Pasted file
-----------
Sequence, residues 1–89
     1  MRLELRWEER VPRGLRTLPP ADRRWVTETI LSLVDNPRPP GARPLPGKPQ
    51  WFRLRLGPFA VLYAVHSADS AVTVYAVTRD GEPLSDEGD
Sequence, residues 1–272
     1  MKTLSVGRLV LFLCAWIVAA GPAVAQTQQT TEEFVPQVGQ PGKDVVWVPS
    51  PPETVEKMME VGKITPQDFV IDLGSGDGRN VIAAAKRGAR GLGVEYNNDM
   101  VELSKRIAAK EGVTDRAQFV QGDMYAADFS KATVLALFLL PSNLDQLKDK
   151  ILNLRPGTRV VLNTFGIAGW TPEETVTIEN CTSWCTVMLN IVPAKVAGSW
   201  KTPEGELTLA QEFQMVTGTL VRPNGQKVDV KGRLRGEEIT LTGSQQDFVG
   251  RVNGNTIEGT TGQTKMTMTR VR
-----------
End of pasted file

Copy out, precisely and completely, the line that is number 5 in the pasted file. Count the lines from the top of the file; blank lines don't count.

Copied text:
     1  MKTLSVGRLV LFLCAWIVAA GPAVAQTQQT TEEFVPQVGQ PGKDVVWVPS